Jobs, Growth and Long-term Prosperity Act
Government Orders

9:30 p.m.

Conservative

Kellie Leitch Simcoe—Grey, ON

Mr. Speaker, this government has invested significantly in social housing and in ensuring that vulnerable Canadians have a roof over their heads. Over 615,000 individuals in this country have benefited from the economic action plan of this government.

I will be clear. We have taken action. We are providing housing and support for vulnerable people. The NDP vote against these initiatives every time.

Jobs, Growth and Long-term Prosperity Act
Government Orders

June 12th, 2012 / 9:30 p.m.

Liberal

Rodger Cuzner Cape Breton—Canso, NS

Mr. Speaker, I want to acknowledge the fact that the working while on claim project is a worthwhile initiative and it is something we have supported. It was first announced in February 2005 by the then minister, Lucienne Robillard, and the Conservative government has increased the amount.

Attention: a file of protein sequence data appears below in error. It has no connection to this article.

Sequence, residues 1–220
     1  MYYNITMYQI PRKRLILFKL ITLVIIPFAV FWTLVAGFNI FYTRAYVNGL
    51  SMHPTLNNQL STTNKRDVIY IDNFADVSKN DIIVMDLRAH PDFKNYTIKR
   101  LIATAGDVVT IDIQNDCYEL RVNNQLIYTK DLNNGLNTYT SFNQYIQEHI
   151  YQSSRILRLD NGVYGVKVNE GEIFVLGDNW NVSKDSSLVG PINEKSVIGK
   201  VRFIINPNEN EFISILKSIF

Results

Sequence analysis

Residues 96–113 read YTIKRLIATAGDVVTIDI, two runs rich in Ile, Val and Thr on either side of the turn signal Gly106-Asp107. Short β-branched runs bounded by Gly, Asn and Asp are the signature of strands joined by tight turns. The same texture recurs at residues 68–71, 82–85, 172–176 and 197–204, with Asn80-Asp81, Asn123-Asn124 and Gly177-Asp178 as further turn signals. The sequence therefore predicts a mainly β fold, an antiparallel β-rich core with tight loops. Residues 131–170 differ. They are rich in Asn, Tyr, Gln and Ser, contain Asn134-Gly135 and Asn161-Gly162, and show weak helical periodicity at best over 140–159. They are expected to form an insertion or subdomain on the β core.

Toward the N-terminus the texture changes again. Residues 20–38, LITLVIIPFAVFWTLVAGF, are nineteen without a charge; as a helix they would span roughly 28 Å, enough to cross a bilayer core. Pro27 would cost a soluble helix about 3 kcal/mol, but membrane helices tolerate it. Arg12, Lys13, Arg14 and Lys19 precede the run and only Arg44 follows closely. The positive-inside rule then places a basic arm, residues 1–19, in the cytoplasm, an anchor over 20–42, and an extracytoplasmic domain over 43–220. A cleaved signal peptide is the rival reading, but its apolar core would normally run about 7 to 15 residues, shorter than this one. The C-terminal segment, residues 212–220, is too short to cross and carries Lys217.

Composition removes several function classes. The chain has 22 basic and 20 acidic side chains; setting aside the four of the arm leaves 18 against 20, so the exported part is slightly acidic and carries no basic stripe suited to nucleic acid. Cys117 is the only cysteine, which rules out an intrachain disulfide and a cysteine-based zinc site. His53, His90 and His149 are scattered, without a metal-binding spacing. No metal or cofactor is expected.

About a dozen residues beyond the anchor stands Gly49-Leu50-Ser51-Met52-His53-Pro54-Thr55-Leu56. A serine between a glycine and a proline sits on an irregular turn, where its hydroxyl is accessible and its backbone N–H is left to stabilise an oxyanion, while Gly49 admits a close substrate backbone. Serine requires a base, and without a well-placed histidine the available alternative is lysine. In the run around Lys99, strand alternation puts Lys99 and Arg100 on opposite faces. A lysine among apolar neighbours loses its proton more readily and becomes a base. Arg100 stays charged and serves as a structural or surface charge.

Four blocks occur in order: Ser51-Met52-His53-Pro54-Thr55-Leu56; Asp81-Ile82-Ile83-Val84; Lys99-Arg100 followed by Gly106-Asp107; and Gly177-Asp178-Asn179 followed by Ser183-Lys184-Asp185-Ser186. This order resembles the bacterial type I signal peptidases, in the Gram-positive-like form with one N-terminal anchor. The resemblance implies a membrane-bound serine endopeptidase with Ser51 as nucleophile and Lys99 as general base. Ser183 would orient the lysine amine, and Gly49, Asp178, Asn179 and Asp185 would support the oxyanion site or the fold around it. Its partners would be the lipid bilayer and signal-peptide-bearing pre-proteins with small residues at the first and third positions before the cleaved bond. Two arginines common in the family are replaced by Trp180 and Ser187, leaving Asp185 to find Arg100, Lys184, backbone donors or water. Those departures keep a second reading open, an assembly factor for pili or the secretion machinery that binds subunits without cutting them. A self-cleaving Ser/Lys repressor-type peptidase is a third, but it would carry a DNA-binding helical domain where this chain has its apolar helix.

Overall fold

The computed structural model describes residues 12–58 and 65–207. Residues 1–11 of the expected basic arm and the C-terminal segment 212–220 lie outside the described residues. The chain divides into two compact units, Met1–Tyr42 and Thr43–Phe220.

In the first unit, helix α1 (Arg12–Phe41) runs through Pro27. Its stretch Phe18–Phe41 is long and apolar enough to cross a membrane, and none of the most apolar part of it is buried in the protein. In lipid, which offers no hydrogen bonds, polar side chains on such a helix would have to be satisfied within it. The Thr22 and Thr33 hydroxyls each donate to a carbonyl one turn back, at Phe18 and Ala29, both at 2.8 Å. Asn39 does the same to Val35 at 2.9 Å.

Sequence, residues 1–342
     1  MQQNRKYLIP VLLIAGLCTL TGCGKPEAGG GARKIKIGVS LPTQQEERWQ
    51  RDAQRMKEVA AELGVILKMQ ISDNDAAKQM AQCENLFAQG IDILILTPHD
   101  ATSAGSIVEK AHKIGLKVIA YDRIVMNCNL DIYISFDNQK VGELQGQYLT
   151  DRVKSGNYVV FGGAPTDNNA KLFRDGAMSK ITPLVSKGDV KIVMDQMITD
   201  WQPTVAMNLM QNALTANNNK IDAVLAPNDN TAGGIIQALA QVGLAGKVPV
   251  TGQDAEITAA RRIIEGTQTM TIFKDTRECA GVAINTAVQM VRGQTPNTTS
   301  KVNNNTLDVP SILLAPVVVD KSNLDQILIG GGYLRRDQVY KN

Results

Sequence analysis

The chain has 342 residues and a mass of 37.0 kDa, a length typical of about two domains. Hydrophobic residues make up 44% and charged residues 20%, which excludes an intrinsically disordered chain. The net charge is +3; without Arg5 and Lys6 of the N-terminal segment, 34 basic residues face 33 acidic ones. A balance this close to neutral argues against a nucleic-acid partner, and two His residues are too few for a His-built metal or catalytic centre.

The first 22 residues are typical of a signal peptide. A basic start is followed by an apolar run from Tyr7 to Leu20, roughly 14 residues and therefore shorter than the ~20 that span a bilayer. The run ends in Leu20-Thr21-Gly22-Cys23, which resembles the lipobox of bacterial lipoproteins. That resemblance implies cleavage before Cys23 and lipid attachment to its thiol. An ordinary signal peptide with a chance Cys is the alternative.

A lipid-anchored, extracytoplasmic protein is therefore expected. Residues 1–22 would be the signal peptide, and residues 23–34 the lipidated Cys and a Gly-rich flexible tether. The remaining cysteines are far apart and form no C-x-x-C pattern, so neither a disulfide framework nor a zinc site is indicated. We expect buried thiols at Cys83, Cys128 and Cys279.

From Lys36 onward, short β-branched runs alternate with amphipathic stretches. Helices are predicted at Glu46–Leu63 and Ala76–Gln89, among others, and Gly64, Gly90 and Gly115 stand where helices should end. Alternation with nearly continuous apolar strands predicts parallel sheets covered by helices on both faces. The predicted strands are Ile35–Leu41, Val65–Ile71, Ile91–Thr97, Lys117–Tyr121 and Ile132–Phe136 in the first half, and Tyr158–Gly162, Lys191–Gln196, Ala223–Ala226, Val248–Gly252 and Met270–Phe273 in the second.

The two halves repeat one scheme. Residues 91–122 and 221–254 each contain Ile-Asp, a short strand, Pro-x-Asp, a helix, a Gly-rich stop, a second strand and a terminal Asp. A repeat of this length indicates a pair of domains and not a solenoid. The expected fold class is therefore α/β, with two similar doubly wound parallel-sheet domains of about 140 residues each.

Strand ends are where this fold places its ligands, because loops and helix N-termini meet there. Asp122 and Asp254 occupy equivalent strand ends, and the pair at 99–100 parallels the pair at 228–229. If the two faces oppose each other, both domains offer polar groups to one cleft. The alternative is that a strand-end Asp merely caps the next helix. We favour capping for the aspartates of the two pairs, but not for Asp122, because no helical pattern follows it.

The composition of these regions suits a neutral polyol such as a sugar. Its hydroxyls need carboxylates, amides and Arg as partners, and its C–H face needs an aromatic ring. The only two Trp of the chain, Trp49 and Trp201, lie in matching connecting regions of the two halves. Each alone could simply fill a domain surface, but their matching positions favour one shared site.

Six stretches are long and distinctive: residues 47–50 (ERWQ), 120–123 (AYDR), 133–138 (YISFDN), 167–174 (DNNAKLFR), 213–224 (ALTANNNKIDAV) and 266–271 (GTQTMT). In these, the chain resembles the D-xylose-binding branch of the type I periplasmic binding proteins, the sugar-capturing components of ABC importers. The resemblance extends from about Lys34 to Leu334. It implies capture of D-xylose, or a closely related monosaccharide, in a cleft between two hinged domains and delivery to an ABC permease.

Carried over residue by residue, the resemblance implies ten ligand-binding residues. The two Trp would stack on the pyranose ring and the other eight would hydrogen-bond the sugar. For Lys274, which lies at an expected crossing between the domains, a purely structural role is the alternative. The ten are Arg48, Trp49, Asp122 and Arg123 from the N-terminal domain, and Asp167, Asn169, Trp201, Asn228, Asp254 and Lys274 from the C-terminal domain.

The member says that it is a new program. Could she outline the differences between the program that was announced in 2005 and this current program?

Jobs, Growth and Long-term Prosperity Act
Government Orders

9:30 p.m.

Conservative

Kellie Leitch Simcoe—Grey, ON

Mr. Speaker, the working while on claim program is now a national program. The intent behind this program, as I mentioned in my speech, is to decrease the amount of clawback on employment insurance so that individuals who take a part-time job and are still able to claim EI are encouraged to continue to work. A number of individuals who take on part-time work then transfer into a full-time job. This is a way of creating the attachment of individual Canadians to the labour market. It is a great program. We are moving forward with it. I am delighted that it is in the budget.

Jobs, Growth and Long-term Prosperity Act
Government Orders

9:30 p.m.

Oshawa
Ontario

Conservative

Colin Carrie Parliamentary Secretary to the Minister of Health

Mr. Speaker, I want to ask my colleague a question about certain Conservative ideology, a horrible Conservative radical idea that I mentioned earlier, called mathematics. We have been hearing the NDP members speak this evening to the cuts in the budget to health care.